The Adventures of Poor Frank, Part CLXXV: Poor Frank Beats the Merrimac

The Adventures of Poor Frank, Part CLXXV: Poor Frank Beats the Merrimac

By Ray Adams

Readers may recall that Lucky Archie had just returned from Disneyland last week. This week he made yet another play that seemed to indicate that the magic from that kingdom had not yet rubbed off.


In the auction, North’s 4♠ bid was a cuebid showing the ace of spades. This was all Poor Frank needed to hear to bid the grand slam in diamonds. Readers can see that declarer has more than enough tricks: 7 diamonds, six hearts, and the ace of spades. However, the hearts need to be unblocked and the ace of spades used as a late entry to the rest of the hearts.

With a normal lead of the ten of hearts, or perhaps a trump, all thirteen tricks are easy. But Lucky Archie made another of his Disneyland leads, placing the king of spades on the table.

“If any auction called for a spade lead, it was this one,” the Lucky One said, as Poor Frank stared at this card in horror.

Most likely Lucky Archie had no idea what he had done, but his lead had actually been a Merrimac coup, cutting off Poor Frank’s late entry to the unblocked hearts. Poor Frank now had to find another way home.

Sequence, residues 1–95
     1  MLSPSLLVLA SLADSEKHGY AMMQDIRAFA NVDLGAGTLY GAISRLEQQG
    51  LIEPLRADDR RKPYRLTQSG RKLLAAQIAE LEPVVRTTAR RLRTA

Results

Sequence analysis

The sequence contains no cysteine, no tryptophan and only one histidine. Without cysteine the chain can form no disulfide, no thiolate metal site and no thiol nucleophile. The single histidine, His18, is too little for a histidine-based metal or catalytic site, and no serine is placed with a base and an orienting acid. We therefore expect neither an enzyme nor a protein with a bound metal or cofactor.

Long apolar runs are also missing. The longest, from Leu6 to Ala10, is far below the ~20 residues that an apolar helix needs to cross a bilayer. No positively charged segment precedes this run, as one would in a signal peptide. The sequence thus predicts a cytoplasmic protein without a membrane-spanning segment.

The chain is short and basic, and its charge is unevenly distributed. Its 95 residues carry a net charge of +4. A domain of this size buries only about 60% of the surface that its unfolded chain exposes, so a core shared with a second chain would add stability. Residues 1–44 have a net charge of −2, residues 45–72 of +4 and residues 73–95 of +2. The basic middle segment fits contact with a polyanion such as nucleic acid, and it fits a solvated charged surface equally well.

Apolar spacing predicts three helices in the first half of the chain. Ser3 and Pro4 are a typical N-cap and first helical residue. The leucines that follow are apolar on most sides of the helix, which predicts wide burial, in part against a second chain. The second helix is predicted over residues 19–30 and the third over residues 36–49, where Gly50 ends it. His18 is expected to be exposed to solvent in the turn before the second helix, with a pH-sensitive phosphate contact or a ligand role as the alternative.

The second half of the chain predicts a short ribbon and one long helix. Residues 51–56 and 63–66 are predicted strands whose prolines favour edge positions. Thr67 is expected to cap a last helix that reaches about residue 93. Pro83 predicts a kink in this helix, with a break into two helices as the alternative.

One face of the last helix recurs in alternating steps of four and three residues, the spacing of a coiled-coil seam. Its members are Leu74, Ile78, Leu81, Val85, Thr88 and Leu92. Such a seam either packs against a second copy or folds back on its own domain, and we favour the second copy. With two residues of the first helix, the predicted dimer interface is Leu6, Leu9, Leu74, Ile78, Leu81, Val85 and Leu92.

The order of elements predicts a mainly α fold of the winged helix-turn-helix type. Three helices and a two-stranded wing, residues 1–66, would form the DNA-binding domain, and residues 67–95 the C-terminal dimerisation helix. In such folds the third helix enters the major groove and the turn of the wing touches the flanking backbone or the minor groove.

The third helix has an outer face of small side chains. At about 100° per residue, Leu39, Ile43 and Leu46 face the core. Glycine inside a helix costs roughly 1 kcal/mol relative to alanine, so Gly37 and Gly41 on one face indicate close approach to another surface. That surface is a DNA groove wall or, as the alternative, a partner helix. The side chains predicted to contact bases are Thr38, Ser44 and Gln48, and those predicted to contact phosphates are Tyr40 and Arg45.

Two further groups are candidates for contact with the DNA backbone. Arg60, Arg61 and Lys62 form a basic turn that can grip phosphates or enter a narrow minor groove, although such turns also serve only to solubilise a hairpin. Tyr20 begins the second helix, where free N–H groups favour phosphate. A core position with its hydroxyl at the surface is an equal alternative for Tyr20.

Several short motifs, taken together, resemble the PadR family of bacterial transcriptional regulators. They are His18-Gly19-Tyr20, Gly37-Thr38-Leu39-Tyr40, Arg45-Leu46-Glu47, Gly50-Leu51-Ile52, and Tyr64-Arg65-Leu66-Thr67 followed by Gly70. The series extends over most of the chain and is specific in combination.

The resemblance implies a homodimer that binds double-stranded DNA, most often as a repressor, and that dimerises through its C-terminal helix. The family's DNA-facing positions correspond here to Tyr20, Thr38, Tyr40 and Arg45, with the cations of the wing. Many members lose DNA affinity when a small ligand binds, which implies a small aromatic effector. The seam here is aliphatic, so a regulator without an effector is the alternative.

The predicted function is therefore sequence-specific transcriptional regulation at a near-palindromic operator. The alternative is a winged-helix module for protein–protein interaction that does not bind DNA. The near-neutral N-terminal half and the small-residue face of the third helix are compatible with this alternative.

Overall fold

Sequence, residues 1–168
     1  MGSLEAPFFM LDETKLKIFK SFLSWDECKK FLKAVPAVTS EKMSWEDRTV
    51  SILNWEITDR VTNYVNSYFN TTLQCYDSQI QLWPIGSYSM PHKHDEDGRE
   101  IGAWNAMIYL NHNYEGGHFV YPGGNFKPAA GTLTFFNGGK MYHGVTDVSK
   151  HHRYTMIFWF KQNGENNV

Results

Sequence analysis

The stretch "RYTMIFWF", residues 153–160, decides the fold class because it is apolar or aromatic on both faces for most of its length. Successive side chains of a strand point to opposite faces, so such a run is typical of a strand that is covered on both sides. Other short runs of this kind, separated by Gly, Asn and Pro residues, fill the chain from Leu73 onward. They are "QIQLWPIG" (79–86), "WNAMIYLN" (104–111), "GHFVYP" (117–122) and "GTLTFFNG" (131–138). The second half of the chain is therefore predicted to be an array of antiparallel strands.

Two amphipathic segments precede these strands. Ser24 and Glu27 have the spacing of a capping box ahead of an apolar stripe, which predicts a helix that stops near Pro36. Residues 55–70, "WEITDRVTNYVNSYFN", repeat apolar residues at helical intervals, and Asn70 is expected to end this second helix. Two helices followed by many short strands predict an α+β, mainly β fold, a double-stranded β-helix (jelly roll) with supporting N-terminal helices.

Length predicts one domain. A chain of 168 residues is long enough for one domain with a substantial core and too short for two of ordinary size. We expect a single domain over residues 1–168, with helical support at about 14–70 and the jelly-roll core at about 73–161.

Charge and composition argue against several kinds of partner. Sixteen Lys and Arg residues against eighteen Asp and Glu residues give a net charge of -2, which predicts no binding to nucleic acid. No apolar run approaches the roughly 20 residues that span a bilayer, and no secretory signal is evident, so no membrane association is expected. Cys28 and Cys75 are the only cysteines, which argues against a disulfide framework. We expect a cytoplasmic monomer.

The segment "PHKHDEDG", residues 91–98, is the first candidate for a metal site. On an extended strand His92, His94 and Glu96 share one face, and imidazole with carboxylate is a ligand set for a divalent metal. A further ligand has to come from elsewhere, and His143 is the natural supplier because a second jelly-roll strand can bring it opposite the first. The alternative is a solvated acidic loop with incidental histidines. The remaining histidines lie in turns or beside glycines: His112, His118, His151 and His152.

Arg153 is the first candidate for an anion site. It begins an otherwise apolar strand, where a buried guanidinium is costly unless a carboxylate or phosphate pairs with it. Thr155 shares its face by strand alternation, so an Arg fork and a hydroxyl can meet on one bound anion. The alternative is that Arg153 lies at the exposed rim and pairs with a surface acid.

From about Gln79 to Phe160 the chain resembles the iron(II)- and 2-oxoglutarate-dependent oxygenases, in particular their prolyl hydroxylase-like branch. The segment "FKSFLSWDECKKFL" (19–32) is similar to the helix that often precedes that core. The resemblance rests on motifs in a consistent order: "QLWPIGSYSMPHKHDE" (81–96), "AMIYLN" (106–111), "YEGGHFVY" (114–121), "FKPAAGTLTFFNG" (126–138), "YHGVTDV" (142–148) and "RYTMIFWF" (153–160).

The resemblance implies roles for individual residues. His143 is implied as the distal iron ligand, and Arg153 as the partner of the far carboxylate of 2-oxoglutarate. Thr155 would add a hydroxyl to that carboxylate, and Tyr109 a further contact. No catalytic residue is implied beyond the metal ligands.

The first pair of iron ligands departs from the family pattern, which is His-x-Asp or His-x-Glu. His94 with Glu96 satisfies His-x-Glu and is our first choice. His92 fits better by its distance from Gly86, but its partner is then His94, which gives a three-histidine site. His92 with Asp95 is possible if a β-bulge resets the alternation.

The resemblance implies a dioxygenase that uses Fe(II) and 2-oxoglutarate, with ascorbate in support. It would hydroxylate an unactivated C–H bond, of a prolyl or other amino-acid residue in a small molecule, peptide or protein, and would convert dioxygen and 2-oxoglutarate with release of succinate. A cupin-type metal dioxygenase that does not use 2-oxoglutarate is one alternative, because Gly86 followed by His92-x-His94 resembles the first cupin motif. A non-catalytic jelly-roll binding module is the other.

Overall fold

Declarer won the ace of spades and ruffed a club, then cashed the remainder of his diamonds   He then played the queen of hearts and overtook the jack of hearts with dummy’s king. Dummy now had the ace of hearts, the five of spades, and the king of clubs remaining. East had the ten and nine of spade and the ace of clubs. Poor Frank had three spades to the queen. Lucky Archie was down to the jack of spades and the ten and nine of hearts.

When Poor Frank cashed the ace of hearts, East had to toss the nine of spades. Clearly the ace of clubs would have been wrong. Poor Frank had no trouble letting got a small spade and Lucky Archie followed suit. Now a spade to the queen dropped the ten and jack and Poor Frank’s eight of spades was the thirteenth trick.

“I should have won,” Frank said to Janet later that evening, “but it turns out every one else bid and made seven diamonds with a heart lead. So it was an average board and Lucky Archie beat me out by two lousy points.”

“Don’t fret, darling,” Janet said. “I’m sure no one played the hand as well as you. One day they’ll award style points and you’ll win by a landslide.”

“Meanwhile I keep getting buried in a landslide of Archie’s bad bids and lucky plays,” Poor Frank said.

“Yes,” Janet said, “but when they dig you out, I’ll always give you a big kiss.”

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